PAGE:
Skip to Content
HomeAbout this siteHelpSearch this site The Library of Congress
America's Story from America's LibraryMeet Amazing AmericansJump Back in TimeExplore the StatesJoin America at PlaySee, Hear and Sing
Jump Back in Time The New Nation (1790-1828)
Bronze statue of George Washington
A bronze statue of Washington at George Washington University in Washington, D.C.

Enlarge this image
George Washington Died at His Mount Vernon Home
December 14, 1799

Today, we call Washington the "father of our country," and many landmarks and places bear his name: Washington, D.C., the state of Washington, the Washington Monument, and numerous towns across the United States. Perhaps there is a school, park, street or landmark named after him where you live.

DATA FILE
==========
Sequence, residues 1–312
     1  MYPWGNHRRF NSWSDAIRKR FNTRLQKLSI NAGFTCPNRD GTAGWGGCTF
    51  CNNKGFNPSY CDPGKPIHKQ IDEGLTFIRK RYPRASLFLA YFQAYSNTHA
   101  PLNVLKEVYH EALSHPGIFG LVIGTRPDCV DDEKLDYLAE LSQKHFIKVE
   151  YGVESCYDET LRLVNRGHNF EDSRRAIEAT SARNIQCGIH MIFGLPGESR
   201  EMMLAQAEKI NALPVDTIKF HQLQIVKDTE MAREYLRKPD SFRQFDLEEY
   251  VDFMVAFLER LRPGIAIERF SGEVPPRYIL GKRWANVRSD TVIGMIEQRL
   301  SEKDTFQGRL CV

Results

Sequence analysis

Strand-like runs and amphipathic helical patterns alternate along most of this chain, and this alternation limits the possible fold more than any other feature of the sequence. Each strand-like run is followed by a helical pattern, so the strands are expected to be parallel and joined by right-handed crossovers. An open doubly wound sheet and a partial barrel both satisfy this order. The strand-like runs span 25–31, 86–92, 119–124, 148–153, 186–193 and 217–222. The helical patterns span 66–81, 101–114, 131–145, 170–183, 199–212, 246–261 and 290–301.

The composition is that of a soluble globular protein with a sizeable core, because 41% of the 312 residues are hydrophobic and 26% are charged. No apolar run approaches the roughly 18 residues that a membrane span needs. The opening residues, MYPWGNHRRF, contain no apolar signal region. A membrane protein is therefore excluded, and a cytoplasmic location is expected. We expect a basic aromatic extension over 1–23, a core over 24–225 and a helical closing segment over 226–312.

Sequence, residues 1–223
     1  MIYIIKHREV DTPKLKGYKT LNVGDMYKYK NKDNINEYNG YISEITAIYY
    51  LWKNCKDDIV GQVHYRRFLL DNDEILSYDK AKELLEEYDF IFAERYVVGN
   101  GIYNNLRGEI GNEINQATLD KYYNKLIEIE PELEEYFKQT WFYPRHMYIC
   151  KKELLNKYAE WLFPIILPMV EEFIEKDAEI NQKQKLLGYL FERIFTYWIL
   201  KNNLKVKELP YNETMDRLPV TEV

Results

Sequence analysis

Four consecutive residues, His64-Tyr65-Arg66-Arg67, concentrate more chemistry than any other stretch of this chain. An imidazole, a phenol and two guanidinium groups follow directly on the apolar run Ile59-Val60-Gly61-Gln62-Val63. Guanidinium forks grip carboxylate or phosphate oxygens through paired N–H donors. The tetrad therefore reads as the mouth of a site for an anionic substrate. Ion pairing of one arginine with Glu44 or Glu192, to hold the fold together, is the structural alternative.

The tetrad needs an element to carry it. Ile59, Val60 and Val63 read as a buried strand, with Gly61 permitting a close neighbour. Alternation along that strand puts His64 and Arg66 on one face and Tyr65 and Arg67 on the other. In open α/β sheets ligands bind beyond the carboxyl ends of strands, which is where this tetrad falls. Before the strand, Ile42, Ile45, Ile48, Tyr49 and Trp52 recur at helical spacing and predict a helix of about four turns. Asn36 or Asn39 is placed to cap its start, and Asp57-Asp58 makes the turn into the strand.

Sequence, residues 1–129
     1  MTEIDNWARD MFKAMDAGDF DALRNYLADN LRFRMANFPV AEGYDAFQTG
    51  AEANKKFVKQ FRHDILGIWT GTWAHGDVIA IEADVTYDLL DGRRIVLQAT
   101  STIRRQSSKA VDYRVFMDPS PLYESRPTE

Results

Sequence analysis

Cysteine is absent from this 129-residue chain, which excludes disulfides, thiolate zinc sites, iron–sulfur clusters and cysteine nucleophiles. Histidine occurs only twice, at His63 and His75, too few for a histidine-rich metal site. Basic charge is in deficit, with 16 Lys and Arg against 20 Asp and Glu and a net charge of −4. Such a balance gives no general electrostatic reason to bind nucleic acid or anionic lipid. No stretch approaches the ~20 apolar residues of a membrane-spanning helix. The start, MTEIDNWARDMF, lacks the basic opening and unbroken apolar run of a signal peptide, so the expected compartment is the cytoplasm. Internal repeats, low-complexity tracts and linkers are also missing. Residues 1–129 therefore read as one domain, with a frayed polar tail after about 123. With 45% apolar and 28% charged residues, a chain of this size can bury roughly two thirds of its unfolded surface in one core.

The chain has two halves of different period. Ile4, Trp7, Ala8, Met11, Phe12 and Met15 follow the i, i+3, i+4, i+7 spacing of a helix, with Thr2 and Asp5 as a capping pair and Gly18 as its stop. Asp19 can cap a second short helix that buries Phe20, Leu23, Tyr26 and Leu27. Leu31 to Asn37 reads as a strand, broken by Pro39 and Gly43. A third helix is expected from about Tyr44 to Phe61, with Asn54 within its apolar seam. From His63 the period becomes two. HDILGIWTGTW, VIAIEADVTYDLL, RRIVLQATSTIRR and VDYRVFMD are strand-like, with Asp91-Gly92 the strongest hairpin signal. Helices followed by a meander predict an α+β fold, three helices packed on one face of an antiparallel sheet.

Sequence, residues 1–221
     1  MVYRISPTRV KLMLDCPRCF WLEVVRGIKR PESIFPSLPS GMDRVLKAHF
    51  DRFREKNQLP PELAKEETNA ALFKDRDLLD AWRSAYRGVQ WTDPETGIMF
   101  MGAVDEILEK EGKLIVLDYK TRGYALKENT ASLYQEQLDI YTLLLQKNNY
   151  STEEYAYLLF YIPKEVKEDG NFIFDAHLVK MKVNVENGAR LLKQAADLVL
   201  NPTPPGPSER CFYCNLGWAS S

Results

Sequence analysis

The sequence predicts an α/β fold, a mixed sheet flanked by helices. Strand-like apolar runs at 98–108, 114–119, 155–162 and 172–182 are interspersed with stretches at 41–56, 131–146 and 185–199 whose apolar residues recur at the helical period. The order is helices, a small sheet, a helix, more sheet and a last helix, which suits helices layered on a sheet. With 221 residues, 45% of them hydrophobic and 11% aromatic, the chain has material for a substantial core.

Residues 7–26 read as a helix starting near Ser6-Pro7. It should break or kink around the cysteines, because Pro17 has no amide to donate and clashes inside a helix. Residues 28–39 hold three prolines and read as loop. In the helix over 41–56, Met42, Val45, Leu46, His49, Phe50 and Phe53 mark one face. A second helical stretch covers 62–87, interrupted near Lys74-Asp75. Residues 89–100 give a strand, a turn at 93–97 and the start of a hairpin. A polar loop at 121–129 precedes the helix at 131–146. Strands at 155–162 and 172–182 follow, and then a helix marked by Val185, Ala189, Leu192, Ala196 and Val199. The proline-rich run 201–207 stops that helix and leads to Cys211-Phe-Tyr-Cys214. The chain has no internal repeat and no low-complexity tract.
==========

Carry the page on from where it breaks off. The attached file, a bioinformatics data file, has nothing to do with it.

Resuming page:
We celebrate Washington's birthday as a national holiday. Countless paintings and statues honor him, and money bears his image too, most notably the quarter and the one-dollar bill. Places where he lived, fought, worked or visited have been preserved to remember his contribution in forming the United States. Washington has been honored for his leadership and as a symbol of the U.S. the world over. Even Napoleon's armies and the British channel fleet paid homage to his memory when he died. So it was lucky for the U.S. that George Washington spent so little time as a gentleman farmer.

Back page 3 of 3 More Stories

Library Of Congress | Legal Notices | Privacy | Site Map | Contact Us